|Stealing the wifi outside|
The last climbing day of Colins trip we used his Ford Focus rental car and drove down the hill to town. When you’re in a reliable car and not riding in an ancient broken down transport bus, the mountain road down to town doesn’t seem so scary. We used the time in town to grocery shop, and found a new market with better prices, but not as much selection. An hour of paid Internet afterwards summed up our trip. James left the net café early to stand in some sunlight. When we left, he was missing for almost 20mins. We had no idea where he had gone, and the jokes of kidnapping a rare Asian for Mexican drug sweatshops started. He had only left in search of authentic tacos. We made incredible time driving back up the mountain, and made it to the crag for an afternoon climbing sesh. James and I worked on the 13a and Joe spent the day flashing un-attempted routes with Colin.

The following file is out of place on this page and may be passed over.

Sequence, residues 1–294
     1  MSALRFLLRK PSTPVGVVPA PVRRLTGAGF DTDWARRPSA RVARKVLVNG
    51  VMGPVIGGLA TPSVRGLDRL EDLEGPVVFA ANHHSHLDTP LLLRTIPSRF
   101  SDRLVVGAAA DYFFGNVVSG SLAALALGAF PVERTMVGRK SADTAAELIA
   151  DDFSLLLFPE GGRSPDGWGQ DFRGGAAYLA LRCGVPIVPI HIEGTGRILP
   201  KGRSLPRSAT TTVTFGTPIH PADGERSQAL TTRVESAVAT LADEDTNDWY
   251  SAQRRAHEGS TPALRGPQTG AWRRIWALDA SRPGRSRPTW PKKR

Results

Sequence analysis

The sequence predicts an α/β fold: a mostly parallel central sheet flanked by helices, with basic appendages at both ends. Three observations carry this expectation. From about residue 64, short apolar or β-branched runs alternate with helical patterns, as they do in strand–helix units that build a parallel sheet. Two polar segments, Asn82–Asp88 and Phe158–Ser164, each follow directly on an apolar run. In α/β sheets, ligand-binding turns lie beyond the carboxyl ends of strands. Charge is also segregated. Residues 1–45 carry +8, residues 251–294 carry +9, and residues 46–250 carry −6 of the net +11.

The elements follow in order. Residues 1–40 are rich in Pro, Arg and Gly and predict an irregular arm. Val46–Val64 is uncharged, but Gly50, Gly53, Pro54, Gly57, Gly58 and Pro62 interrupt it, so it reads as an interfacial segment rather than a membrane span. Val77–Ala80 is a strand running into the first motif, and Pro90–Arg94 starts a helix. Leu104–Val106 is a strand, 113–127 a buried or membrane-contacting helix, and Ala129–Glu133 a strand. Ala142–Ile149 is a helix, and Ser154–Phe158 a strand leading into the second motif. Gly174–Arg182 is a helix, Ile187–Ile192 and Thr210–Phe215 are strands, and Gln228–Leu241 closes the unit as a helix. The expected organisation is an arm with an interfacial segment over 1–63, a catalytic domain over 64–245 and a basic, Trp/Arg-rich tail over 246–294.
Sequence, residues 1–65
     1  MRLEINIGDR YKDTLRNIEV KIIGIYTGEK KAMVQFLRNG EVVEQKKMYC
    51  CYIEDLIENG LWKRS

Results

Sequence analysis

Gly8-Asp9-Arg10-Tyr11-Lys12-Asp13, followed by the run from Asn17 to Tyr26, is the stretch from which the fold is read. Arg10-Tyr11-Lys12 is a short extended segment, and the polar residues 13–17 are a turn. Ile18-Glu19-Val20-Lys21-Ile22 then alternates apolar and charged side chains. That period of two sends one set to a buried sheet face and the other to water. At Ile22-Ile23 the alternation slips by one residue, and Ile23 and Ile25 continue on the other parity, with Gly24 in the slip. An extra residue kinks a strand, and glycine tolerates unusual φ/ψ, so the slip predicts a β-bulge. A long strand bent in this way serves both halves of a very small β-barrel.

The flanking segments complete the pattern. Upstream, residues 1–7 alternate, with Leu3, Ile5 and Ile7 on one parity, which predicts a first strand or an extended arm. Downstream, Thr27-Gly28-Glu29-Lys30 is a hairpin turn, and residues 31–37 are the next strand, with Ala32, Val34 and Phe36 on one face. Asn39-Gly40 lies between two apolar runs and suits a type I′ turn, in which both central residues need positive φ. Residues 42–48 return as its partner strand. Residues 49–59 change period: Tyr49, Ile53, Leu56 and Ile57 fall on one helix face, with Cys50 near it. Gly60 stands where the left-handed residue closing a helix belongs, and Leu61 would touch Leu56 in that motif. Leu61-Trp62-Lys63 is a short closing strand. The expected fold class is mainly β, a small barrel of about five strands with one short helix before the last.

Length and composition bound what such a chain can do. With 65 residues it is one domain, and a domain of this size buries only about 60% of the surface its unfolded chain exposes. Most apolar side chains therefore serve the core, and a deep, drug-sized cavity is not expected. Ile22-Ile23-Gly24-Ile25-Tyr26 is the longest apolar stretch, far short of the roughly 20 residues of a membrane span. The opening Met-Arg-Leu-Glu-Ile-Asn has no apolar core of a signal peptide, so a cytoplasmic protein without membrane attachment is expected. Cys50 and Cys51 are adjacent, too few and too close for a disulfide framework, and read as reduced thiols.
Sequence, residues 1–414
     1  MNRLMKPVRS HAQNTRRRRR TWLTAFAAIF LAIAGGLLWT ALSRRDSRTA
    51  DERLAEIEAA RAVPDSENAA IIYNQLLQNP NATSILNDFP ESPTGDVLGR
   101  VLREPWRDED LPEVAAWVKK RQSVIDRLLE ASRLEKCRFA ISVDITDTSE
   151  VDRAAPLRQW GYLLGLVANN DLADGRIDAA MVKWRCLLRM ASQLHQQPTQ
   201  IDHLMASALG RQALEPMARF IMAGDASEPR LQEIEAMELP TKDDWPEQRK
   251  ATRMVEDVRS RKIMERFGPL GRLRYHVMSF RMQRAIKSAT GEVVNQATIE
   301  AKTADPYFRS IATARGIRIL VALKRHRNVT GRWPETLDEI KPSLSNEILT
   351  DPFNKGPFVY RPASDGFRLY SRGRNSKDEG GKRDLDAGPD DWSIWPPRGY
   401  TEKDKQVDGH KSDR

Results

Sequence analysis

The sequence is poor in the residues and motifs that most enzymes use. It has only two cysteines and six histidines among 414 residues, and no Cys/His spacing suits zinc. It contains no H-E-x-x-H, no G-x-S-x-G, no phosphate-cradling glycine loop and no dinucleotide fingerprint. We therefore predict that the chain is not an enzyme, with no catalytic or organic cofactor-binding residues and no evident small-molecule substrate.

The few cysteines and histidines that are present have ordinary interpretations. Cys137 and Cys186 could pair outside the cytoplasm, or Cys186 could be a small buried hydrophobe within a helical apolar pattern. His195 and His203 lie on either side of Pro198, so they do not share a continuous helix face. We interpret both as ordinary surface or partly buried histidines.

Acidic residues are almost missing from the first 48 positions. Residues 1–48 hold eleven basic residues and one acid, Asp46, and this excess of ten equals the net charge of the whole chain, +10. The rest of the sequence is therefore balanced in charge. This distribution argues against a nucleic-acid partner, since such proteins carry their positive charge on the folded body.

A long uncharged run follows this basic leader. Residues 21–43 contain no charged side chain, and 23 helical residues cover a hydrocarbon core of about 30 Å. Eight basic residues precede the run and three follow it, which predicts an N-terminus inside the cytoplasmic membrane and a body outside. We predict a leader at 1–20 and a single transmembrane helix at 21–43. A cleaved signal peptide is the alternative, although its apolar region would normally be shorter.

Colin left this morning early on. The rest of us attempted to sleep in, but with paper thin walls, the annoying sounds of roosters and Mexican music made this impossible. Kika’s was closed this morning so we were unable to obtain freshly laid eggs for breakfast. Instead I whipped up some guacamole and salsa hot sauce for sandwiches. This would be adequate. Our dinner will be yet again Mexican Gumbo. A term Colin coined before leaving. Rice, Onion, ground beef, black beans, chic peas, tomato, garlic, green pepper, green onion and corn made this meal a heavy one, but one that left you drooling for more. It would never get old.
|The el salto crew with our plates of Mexican Gumbo|
The tiny grains of sand in the great hourglass of time slowly fall as our subtle arts of obsession and determination carry us through the days. The fake sound of progress is ringing in our ears as we fight to send our projects before time runs out. All in due time.